Friday, March 31, 2017
Hunger Pains: A review of Raw
Telekenetics have Carrie.
Werewolves have Ginger Snaps.
Now cannibals have Raw.
Cannibalism in popular culture has a resurgence every decade or so. This dates all the way back to Robert Bloch's Psycho, whose Norman Bates was based of Wisconsin serial killer Ed Gein. The 80's brought us the Italian cannibal flicks Cannibal Holocaust, Eaten Alive and Cannibal Ferox and the 90's gave us Silence of the Lambs. A film in which the villain was ranked #1 on the American Film Institute's Best Villains of All Time List. (Norman Bates was #2).
History has shown that cannibalism is more than just a cultural taboo, but was necessary for survival. Leningrad. the Donner Party. Medicinal cannibalism was practiced in Europe (particularly Spain and Germany) for decades. The practice is all over the animal kingdom. It's even in the Bible.
So what does Raw bring to the table? Well for one, it brings the coming of age genre into this subgenre of horror. That is not to say it isn't derivative or explores new territory. Quite the contrary.
There is a form of chaos that slowly pervades this movie. It starts out as a ritual hazing. A rite of passage for new veterinarians at the school that Justine (Garance Marillier) has just started. Her sister Alexia (Ella Rumpf) lets her know up front that the first weeks are rough. After the first weeks of havoc being wreaked upon Christine, her sister ends up giving her a piece of meat that ends up causing a rash on Christine's body. She gradually develops an insatiable hunger for meat.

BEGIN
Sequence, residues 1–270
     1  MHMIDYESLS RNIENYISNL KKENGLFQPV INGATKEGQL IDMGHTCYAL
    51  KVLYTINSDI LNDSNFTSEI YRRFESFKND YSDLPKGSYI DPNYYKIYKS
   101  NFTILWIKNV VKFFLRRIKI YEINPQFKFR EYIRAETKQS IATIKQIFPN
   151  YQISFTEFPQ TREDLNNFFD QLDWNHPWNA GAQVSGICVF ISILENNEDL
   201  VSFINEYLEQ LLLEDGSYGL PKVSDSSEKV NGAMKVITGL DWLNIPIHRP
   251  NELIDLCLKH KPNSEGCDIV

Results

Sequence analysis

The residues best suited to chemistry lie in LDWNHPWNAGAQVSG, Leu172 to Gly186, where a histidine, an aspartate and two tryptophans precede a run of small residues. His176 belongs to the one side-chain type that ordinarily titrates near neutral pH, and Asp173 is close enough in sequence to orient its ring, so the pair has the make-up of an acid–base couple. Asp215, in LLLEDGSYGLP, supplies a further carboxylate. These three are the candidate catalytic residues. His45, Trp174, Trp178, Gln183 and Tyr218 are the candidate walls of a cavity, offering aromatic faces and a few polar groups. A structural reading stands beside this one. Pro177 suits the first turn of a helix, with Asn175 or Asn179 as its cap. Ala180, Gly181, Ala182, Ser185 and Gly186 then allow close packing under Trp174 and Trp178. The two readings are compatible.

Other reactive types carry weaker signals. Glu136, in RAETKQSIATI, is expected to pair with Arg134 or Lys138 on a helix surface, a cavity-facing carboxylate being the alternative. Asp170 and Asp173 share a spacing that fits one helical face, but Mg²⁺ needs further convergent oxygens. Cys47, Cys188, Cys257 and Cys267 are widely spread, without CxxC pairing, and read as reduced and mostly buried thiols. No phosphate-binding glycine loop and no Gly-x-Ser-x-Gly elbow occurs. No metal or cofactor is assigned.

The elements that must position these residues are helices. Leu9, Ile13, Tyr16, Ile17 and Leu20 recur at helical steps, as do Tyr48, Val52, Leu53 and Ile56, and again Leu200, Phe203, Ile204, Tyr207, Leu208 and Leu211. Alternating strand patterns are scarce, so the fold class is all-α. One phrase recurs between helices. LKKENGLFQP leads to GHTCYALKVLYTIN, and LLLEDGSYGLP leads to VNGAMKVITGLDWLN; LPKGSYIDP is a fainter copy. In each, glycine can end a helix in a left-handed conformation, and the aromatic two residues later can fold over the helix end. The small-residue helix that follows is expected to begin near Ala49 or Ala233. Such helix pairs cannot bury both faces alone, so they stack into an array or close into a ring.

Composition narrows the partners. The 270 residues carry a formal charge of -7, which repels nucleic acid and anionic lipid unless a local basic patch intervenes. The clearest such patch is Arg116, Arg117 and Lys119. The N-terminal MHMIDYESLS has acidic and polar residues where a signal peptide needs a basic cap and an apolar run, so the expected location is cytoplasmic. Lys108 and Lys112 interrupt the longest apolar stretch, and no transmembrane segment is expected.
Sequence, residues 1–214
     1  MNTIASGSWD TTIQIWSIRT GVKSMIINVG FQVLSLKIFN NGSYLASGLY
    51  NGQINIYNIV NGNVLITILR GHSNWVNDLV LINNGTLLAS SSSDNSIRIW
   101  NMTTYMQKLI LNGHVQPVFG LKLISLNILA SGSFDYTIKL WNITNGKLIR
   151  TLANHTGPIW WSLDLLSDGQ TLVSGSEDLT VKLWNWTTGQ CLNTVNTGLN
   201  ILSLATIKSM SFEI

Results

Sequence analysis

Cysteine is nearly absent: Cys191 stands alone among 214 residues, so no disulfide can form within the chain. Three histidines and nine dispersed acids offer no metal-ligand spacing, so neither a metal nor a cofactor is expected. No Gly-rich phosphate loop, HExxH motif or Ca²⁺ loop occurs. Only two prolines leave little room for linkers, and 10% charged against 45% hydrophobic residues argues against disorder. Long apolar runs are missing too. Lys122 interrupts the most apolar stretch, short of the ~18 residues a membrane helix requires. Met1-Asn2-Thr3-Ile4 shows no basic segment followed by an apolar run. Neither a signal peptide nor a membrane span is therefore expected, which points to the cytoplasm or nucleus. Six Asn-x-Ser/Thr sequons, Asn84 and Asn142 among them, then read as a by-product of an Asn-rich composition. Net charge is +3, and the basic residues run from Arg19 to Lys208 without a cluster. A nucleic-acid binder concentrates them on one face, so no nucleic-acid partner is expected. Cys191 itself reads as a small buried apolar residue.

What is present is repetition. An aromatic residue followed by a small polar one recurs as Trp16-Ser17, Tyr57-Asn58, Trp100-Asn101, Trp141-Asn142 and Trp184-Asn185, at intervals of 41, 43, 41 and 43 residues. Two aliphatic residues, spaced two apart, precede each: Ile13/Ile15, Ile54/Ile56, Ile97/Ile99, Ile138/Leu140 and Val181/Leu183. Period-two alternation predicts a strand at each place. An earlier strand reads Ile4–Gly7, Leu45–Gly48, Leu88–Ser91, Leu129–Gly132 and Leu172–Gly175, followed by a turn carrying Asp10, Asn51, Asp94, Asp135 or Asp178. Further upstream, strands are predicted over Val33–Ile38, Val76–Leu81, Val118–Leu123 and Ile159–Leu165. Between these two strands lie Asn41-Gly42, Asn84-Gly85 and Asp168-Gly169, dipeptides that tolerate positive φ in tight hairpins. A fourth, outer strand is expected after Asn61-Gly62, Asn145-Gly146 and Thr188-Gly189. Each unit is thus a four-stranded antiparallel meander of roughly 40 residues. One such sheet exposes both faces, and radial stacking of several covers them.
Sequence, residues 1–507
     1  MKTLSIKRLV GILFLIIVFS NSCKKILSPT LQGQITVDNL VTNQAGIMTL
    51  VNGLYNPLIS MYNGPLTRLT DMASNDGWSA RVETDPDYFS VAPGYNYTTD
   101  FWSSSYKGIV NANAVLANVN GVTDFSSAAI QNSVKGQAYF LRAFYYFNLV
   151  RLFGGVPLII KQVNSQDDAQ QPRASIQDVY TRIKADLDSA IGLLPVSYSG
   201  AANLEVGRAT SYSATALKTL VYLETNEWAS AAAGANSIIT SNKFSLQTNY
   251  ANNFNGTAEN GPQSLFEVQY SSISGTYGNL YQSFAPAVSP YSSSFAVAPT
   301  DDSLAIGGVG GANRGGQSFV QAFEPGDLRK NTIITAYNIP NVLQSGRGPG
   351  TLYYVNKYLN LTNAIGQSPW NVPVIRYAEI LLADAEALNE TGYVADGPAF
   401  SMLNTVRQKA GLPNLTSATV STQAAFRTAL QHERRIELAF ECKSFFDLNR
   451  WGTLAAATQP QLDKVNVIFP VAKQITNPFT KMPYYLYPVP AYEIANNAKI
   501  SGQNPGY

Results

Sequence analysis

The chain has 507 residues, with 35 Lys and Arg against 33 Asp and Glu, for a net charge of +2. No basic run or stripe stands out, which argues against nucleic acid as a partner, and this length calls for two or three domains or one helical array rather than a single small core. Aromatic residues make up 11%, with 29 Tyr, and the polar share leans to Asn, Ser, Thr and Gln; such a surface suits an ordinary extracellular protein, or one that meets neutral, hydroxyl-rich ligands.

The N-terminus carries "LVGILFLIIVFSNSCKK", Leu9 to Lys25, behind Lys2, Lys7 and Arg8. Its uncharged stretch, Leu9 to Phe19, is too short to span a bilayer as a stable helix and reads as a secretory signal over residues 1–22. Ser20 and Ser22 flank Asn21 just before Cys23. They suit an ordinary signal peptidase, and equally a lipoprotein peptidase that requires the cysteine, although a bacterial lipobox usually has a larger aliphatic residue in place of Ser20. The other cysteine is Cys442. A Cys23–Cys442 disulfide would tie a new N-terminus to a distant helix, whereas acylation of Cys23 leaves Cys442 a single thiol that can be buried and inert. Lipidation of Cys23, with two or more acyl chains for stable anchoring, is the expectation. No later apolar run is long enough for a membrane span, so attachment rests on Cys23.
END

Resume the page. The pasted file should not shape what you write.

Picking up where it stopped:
Beyond just beyond about that primal, animalistic hunger, Raw also focuses on a sexual hunger. One that gets even more complicated when you add a character that is gay. Narrative choices like this show a true artist at work in debut filmmaker Julia Ducournau. Like the past couple debut filmmakers to come out of the last two years, Robert Eggers (The Witch) and Jordan Peele (Get Out), Ducournau takes the already intriguing premise and adds layers to peel back on rewatch.
The violence in the film is something that it is already becoming infamous for. In an age where we have become overstimulated with excessive violence in the media and the ineffective gore that purported movie bloodbaths promise to deliver, it is relatively tame. What is truly effecting is not the excess but the restraint. The realism. Yes, there are things in this movie that are boundary pushing. Taboo breaking, even. Yet, what will get under the skin the most? A madman cutting an arm off or the infection that breaks out on your skin? Or the bitten lip?
For further information on the history of cannibalism, look no further than Bill Schutt's Cannibalism: A Perfectly Natural History